A research team at the National High Magnetic Field Laboratory has reached a new world record in magnetic field generation, successfully testing a superconducting electromagnet to a field of 35.4 tesla. The magnet used a single, paper-thin, 100-meter-long strip of tape made with "YBCO," a superconducting ceramic composed of yttrium, barium, copper and oxygen. Tesla is the unit of measurement of magnetic field named in honor of Nikola Tesla, a famous 20th-century pioneer in the field of electromagnetism. One tesla is equal to 20,000 times the Earth's magnetic field.
The new results provide vital information for the next generation of high-field superconducting magnets. It's part of an ongoing effort to build a 32-tesla all-superconducting research magnet that could both reduce the cost of scientific experiments and make high-field research accessible to more scientific users. The 35.4 tesla field was achieved by "nesting" the YBCO coil inside a 31-tesla resistive magnet, with the "insert" YBCO coil supplying the additional 4.4 tesla.
Superconductors are materials that carry an electric current without resistance and can therefore conduct an electrical current without wasting energy through resistive heating. This, however, is a phenomenon that is only found at very low temperatures and for certain metals, alloys and ceramics. Superconductivity is an area of intense research interest, as it has current and potential applications in a wide range of technologies that directly impact peoples' lives. Electric power generation and transmission, transportation, and medical applications such as MRI all benefit, or have the potential to benefit, from research into superconductors.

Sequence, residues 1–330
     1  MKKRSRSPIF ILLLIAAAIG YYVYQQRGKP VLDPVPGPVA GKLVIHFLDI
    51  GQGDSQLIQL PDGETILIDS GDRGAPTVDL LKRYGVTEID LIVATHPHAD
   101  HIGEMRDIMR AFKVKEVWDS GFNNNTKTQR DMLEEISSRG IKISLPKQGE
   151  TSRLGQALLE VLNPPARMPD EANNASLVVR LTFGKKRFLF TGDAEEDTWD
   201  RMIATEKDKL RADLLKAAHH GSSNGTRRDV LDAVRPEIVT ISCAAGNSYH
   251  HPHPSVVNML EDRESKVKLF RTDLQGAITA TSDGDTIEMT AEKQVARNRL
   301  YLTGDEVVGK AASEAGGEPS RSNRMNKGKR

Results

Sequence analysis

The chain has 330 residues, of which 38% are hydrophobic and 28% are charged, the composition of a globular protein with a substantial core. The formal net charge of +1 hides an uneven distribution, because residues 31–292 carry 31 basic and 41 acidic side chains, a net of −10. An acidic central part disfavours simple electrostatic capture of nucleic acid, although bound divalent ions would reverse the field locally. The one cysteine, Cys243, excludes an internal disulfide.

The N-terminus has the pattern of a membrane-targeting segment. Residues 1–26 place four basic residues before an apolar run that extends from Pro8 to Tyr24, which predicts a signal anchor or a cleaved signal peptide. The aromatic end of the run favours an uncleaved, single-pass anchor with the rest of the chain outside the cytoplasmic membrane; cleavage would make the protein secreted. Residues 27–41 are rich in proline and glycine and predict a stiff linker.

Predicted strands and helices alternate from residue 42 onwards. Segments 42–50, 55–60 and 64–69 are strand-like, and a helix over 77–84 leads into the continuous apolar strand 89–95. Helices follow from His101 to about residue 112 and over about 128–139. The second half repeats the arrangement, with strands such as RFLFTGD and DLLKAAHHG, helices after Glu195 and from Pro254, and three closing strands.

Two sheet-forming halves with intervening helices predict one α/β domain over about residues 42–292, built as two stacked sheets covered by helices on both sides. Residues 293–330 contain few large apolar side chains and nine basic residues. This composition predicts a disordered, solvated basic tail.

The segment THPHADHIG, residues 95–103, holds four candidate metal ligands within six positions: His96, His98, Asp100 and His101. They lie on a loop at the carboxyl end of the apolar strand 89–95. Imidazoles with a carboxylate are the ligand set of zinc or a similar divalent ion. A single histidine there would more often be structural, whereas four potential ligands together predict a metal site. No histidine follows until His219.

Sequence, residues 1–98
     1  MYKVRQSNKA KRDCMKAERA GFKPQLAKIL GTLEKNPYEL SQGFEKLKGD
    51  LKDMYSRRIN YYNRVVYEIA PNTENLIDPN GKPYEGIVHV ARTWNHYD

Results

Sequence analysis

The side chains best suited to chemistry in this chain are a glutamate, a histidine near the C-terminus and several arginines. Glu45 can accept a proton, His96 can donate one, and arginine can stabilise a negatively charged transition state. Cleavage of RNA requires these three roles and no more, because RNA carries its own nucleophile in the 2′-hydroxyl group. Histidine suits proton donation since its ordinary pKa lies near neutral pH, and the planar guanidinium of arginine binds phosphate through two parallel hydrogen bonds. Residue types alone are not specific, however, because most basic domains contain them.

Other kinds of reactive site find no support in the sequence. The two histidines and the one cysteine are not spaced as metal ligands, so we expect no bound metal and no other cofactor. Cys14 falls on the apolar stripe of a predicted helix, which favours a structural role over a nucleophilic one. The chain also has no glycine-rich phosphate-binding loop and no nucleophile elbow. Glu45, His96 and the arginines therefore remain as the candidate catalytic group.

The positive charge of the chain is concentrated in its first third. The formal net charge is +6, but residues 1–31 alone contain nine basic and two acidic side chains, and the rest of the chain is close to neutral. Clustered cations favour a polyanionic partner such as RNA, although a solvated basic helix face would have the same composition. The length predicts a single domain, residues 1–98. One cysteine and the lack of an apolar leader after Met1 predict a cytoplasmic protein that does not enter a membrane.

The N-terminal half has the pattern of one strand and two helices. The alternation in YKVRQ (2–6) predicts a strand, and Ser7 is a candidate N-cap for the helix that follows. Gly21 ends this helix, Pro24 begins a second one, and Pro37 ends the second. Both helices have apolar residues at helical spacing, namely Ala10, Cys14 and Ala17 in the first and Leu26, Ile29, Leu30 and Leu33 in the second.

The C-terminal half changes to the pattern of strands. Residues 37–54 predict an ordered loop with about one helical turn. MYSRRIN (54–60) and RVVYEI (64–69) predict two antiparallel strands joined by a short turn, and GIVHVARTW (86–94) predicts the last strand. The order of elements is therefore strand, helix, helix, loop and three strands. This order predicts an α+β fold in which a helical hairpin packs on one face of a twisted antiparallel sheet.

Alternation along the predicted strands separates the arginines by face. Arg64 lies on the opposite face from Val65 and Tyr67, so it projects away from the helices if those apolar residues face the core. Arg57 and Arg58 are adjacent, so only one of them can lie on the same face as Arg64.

Promising though they are, high-field superconducting materials such as YBCO are also frustratingly complex. They are brittle, still fairly expensive and in certain ways mysterious. YBCO is a member of the REBCO or rare-earth-barium-copper-oxide family of superconductors, brittle ceramics that represent a departure from the ductile alloy-type superconductors commonly used for magnetic fields up to 11 tesla (and for familiar applications such as MRIs).
The new high-field record was publicly announced on September 12 at the 22nd International Conference on Magnet Technology in Marseille, France. Conducted over the past year, this work represents "an important step on the way to generating the highest possible fields at low operating costs using superconducting technology," says team leader Dr. Ulf Peter Trociewitz, staff scientist at the Magnet Lab.
The tape was manufactured by New-York-based SuperPower, Inc., a world leader in developing commercially feasible high-temperature superconductors and related devices designed to enhance the capacity, reliability and quality of electric power transmission and distribution.
For more information about the technology behind this achievement, look for an article in Mag Lab Reports, Volume 18, Issue 4, to be published this fall.